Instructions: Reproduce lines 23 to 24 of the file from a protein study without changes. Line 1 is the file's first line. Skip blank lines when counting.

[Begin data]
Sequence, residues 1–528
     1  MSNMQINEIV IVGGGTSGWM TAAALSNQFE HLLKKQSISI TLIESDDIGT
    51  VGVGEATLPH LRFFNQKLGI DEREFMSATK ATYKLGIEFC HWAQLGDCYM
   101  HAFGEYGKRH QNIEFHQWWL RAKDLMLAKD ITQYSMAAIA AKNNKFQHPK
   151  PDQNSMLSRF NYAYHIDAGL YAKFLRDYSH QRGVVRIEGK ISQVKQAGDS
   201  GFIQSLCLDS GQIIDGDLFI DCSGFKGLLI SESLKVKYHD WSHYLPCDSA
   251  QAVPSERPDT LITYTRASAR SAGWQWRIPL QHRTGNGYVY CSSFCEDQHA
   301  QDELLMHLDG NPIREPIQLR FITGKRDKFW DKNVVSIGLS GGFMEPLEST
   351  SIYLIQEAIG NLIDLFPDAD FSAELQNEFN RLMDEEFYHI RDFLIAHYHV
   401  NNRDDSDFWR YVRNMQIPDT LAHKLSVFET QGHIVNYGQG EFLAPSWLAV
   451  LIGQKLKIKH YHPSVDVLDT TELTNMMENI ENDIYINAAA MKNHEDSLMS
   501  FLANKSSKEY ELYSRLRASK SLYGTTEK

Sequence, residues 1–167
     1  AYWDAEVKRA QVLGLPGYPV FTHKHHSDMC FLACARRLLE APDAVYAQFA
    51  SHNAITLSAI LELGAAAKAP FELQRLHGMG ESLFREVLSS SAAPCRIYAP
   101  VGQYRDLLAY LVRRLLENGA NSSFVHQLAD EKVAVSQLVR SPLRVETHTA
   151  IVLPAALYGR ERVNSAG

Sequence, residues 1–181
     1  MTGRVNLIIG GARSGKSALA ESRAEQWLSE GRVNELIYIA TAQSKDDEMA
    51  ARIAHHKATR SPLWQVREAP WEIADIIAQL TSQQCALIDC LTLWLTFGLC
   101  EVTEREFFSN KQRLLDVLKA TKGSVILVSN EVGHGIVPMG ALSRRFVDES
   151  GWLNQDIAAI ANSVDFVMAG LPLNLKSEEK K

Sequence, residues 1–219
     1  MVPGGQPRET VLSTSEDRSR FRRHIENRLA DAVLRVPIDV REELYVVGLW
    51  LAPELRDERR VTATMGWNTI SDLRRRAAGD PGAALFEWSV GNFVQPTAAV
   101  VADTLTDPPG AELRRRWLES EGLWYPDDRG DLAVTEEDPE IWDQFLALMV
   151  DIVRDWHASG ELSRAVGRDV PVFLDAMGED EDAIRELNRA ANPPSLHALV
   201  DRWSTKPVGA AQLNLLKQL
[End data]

Sequence, residues 1–219
     1  MVPGGQPRET VLSTSEDRSR FRRHIENRLA DAVLRVPIDV REELYVVGLW